The report, citing “two people briefed on the matter,” found that the investigation is based on ZTE allegedly paying bribes to foreign officials to gain advantage in the world telecom market.
A spokesperson for the U.S. Attorney’s Office of the Southern District of New York, which according to NBC News is the branch of the Justice Department investigating ZTE, declined to comment on the story to The Hill.
The new investigation comes three years after ZTE pleaded guilty to illegally shipping equipment from the U.S. to Iran, agreeing to pay a penalty of $1.19 billion in settling with the Commerce and Treasury departments for violating export controls.
While a spokesperson for ZTE did not respond to The Hill’s request for comment, the company told NBC News that “ZTE is fully committed to meeting its legal and compliance obligations.”
The spokesperson added that “the top priority of the company’s leadership team is making ZTE a trusted and reliable business partner in the global marketplace, and the company is proud of the enormous progress it has made. Beyond this, it would not be appropriate for ZTE to comment.”
ZTE, along with separate Chinese telecom company Huawei, has come under close scrutiny over the past few years as concerns around Chinese tech groups doing business in the U.S. have increased.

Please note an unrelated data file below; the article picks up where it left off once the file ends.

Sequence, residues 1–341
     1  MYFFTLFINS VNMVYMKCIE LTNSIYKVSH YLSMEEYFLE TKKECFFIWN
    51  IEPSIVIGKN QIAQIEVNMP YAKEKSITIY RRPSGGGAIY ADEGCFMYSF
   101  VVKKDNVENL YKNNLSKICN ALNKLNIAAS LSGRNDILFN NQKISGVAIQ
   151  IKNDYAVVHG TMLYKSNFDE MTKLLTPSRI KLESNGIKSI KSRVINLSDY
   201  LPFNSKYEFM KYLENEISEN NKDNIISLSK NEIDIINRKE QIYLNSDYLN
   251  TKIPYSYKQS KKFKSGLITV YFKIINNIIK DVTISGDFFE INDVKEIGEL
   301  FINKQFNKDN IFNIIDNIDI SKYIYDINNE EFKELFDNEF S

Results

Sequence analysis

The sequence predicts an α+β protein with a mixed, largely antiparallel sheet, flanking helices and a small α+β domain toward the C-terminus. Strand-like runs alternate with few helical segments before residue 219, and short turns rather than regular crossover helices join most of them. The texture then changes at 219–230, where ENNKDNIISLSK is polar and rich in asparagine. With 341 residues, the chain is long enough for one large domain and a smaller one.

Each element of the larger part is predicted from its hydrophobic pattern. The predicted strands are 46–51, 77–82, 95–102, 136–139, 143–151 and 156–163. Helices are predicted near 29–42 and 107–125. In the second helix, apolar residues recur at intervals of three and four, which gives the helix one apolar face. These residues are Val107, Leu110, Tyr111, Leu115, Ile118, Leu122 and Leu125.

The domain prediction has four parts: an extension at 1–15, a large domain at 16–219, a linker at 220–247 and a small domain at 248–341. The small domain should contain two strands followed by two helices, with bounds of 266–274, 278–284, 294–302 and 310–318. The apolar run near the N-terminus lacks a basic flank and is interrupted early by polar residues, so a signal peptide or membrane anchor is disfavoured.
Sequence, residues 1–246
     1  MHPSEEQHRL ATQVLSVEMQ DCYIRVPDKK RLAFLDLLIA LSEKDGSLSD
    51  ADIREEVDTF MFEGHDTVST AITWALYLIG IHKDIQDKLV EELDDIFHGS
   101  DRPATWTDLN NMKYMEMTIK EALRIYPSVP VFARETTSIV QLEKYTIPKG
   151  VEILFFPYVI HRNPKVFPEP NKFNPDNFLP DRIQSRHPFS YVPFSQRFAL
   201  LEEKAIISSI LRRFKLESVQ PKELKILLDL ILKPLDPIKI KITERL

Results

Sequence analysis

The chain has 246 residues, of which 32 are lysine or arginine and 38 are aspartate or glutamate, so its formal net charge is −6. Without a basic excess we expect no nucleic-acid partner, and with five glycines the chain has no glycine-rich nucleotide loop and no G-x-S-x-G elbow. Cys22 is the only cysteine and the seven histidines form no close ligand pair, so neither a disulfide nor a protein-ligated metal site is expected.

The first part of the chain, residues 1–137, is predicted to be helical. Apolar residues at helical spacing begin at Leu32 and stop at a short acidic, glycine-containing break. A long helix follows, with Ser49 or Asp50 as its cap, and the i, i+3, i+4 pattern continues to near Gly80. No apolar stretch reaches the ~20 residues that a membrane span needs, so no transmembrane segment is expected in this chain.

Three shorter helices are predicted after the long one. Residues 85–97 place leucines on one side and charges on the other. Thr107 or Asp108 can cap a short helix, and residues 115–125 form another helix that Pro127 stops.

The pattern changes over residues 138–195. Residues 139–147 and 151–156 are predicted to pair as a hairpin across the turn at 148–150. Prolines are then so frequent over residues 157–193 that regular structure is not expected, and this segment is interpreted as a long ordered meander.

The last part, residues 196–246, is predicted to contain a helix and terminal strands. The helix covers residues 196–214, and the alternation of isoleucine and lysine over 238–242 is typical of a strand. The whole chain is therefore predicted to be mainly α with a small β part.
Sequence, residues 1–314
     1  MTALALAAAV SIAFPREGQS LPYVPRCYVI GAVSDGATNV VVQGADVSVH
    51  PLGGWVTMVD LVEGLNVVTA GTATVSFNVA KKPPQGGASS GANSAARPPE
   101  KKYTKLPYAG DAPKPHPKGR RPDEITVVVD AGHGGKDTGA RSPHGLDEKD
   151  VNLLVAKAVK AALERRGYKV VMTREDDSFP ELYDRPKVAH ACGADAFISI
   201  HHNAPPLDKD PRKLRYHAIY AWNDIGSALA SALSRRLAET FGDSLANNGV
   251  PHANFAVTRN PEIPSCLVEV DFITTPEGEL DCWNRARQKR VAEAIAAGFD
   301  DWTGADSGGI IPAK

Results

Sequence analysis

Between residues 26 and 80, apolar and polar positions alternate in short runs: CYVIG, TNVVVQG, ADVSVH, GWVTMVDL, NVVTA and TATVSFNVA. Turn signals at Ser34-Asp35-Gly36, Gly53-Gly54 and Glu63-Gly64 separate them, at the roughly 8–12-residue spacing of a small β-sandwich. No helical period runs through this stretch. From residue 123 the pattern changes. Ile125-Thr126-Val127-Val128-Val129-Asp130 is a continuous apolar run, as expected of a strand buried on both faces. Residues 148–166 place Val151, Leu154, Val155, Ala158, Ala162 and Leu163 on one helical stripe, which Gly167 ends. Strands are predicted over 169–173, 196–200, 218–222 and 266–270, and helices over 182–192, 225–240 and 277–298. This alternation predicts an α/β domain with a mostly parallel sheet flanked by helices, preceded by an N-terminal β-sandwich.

Concerns have stemmed from a 2017 Chinese intelligence law that requires Chinese companies and citizens to participate in state intelligence work and share data and information if requested.
As a result, the Trump administration has made keeping both Huawei and ZTE out of U.S. networks a priority. President Trump signed into law a bill this week banning the use of federal funds to purchase equipment from groups deemed threats to national security, and creating a $1 billion fund to help smaller companies rip out and replace existing vulnerable equipment.
Equipment from ZTE and Huawei are used in rural areas. The Rural Wireless Association estimated around 25 percent of their member companies were using equipment from at least one of these companies in 2018.
The Federal Communications Commission voted unanimously in November to classify both companies as national security threats, and to ban U.S. telecom companies from using FCC funds to buy equipment from either Huawei or ZTE.